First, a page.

Personal Language: Millennium Journal (stitched 2006)
I’ve felt so much power within the art from other cultures that I’ve wanted to have that same kind of power in my own work. I taught myself how to dye, paint and print fabrics like they do in Japan, Australia, or Africa, and how they do mirror and kantha embroidery in India and Pakistan. I was looking for a way to have my own work enter the intuitive and abstract.
I admit that I felt that these ways of working were available to me to use in my art just as much as the western realist tradition was available to me. From the very beginning of my quilt making I realised that all those triangles and squares and circles have been around the world FOREVER as a language. They were not used as much in the ‘civilised’ world of Greek/Renaissance tradition. Those repeated geometric shapes are the basis of traditional quilt pattern. I was able to understand my own tradition of north American quilt design better by learning the variety of meanings the shapes had in other cultures. I’ve used these first shapes like a code.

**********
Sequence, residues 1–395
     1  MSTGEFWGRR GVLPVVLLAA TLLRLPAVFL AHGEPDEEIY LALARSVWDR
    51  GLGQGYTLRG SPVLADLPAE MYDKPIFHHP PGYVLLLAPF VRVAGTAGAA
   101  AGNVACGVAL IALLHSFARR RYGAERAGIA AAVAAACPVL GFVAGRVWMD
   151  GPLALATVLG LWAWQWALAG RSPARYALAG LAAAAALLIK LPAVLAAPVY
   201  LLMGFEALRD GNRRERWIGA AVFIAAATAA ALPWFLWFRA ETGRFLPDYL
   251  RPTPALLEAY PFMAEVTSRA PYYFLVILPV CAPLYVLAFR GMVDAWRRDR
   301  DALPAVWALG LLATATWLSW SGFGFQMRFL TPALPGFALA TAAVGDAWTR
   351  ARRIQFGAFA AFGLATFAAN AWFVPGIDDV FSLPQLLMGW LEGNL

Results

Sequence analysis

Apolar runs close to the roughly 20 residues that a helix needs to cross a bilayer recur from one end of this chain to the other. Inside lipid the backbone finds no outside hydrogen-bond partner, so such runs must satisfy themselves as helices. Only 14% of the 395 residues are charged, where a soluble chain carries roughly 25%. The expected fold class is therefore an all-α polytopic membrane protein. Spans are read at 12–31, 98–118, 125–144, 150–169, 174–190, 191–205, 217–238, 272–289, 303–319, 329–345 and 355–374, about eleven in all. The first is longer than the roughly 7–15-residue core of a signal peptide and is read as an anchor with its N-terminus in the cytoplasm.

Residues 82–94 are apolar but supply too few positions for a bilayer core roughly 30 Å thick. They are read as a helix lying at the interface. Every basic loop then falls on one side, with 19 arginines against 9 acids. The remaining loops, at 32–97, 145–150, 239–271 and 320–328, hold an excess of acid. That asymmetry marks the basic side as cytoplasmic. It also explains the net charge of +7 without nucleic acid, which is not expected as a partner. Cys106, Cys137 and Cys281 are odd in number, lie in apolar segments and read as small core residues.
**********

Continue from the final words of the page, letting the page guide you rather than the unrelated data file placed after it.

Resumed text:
It’s that secret language that I love about primitive art. However, I see now that in a modernist sense, what I was doing was using the ‘other’ way of seeing the world. I still want to continue to borrow repeated arrangements of first shapes and shiny surfaces because I believe it to be a multicultural language that can be understood by all of us in the world. Aren’t we are all ethnic?